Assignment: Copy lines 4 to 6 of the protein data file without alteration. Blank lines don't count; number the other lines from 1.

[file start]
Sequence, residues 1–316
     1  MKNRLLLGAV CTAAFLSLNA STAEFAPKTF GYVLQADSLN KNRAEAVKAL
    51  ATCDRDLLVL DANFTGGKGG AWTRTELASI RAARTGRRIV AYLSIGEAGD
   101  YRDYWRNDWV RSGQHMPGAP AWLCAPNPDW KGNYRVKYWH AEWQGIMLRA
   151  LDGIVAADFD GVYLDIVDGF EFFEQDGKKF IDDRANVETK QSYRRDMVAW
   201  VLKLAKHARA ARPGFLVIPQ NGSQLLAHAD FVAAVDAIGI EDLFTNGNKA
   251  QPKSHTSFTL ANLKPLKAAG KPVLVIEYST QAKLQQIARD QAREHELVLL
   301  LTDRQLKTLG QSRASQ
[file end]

   101  YRDYWRNDWV RSGQHMPGAP AWLCAPNPDW KGNYRVKYWH AEWQGIMLRA
   151  LDGIVAADFD GVYLDIVDGF EFFEQDGKKF IDDRANVETK QSYRRDMVAW
   201  VLKLAKHARA ARPGFLVIPQ NGSQLLAHAD FVAAVDAIGI EDLFTNGNKA